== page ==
feminism in horror movies

Not only are we huge fans of horror at Tubi TV, a few of us are also ladies (gasp!), and we’re excited by the new spaces being opened up for women in the genre.  These days it’s a well-worn cliché to say that horror movies have often done a horrible job of giving us women characters who are truly interesting and relatable. Don’t get me wrong, there are definitely classic horror icons from the 1970s that you could name-check: Laurie Strode from Halloween (1978) or Ellen Ripley from Alien (1979). For years afterward, though, these characters were the exceptions that proved the rule. Their badassery only made it even more obvious that you were normally more likely to see a woman being a helpless victim or a one-note stereotype in a horror movie than being a hero.

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But with the release of the movie Scream (1995), the horror genre was turned on its head (and decapitated, and disemboweled…) because we were introduced to Sidney Prescott. Created by Kevin Williamson and played by Neve Campbell, Sidney is a young woman in a quiet suburb who finds herself being targeted by a killer in a ghost mask and black cloak. While evading the killer’s attacks and unraveling the mystery behind them, Sidney proves herself to be sharp and resourceful. We get to watch her grow as a character over the course of the Scream movies as she goes from terrified teenage victim to grown woman and hero by the end of the franchise. Sidney was certainly not the first horror heroine to kick ass and outsmart a killer foe, nor is she the most hardcore, but as a character, she helped turn a rarity into a bonafide trend.

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Since then, we’re getting more chances than ever to see women on screen who don’t run from danger— they run at it, head-on. With a buzz saw in one hand. Women in horror movies have continued to evolve as the genre has, and while there have been some serious duds (I’m looking at you, Jennifer’s Body (2009). And I’m judging.) the last 10 years have given us some of the most dynamic characters in the genre, regardless of gender.

 

What makes modern horror such a rich space for empowering portraits of active women? In horror, women fight back against the seemingly unstoppable terrors of the world where they’re normally helpless victims, and we root for them while they do it. A romantic comedy protagonist might only get her happy ending by finding a man to complete her. A happy ending for a woman in the latest superhero movies usually means she gets to stand behind a couple of caped guys with higher billing while they stand triumphantly on a pile of rubble. But there’s only one way for a woman to get to the end of a horror movie, and that’s with pure grit and survival skills. The terrific and terrifying film It Follows (2014) completely subverts the cliche of misogynist horror films with its take on a “communicable curse.” We can also look at Sarah Carter in The Descent (2005) for a perfect example of a woman stepping up to danger. When Sarah and her friends go on a cave exploring trip in North Carolina, they are attacked by creatures who crave human flesh and must fight to make it out alive. Sarah could have flipped a [insert salty word here] and lost the ability to function when she woke up in a mass of human remains in a cannibal ridden tunnel system. Instead she keeps it together and focuses on getting herself and her friends out of there alive. The film is also one of the few of its kind to feature an all-women cast, with each character having a range of styles and personalities. Screw Juno, though.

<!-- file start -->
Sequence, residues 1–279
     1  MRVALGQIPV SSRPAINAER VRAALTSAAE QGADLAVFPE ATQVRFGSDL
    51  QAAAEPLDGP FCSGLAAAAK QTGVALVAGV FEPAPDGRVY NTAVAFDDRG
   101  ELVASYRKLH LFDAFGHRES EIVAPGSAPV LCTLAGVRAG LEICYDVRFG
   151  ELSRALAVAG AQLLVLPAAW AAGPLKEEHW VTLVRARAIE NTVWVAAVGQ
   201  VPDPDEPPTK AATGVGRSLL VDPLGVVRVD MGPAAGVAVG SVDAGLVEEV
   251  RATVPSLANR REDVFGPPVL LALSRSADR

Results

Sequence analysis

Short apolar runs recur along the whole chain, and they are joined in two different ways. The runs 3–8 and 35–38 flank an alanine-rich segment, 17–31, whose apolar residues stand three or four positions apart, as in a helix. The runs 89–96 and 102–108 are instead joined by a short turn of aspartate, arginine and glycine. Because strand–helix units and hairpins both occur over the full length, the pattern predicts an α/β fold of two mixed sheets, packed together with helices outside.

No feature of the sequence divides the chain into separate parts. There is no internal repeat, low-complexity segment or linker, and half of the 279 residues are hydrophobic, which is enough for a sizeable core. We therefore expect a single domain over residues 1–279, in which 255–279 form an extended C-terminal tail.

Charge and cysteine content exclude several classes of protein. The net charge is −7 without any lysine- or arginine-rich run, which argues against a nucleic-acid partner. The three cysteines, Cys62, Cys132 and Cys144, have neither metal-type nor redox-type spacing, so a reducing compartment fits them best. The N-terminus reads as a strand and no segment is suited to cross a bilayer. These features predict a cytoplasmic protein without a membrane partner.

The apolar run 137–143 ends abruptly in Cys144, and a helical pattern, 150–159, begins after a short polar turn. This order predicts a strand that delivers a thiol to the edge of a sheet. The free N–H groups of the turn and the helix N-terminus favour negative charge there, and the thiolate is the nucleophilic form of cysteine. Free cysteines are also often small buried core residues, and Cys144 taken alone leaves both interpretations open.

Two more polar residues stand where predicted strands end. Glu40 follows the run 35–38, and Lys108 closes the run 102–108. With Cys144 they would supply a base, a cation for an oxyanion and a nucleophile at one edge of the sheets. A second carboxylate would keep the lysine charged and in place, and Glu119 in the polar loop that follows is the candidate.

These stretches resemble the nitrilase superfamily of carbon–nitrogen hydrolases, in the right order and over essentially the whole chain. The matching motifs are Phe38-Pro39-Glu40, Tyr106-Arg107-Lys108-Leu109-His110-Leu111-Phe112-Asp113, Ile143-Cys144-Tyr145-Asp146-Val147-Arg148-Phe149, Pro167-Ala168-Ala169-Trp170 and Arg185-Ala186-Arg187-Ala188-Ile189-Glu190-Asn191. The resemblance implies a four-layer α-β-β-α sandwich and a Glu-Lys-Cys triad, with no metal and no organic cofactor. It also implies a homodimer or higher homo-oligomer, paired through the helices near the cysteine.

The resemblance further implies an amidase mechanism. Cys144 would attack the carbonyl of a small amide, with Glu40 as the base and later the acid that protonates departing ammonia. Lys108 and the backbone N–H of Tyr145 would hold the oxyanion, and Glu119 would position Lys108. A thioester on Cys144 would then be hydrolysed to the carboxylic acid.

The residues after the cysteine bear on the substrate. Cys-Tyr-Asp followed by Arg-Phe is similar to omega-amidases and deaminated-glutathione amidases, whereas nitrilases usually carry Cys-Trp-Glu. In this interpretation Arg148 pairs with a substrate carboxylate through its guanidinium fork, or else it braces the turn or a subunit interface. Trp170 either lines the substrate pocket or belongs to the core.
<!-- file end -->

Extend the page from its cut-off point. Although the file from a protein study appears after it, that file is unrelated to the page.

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Supernatural horror isn’t the only place where women characters embody heroes and survivors, turning the tables on predators in a hostile world that would make them victims. In the home invasion thriller You’re Next (2013), we meet Erin. She’s small but savage, using split-second cunning and raw determination to battle a group of masked killers that are hunting her and her family down like animals. And in I Spit on Your Grave 2 (2013), a remake of the original cult hit film from 1978, a young woman survives a brutal attack. Not only does she claw her way back from the brink of death, she goes on to exact justice against her attackers. P2 (2007)  gives us another woman who refuses to be made a victim: the seemingly helpless young Angela is being stalked by a psychopath in the floor of an underground parking garage, but she turns the tables on him in an explosive twist that proves she won’t go down without a fight. And as we cheer her on, we know that we don’t have to either.

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So who did we miss? Who are the horror heroines that bring out your inner badass? Find us on Facebook or give us a shout on Twitter and let us know. And for more great horror coverage, check out our friends at Dread Central. Meanwhile, we’ve got I Spit on Your Grave 2, P2, and other great horror flicks streaming free day and night on Tubi TV.

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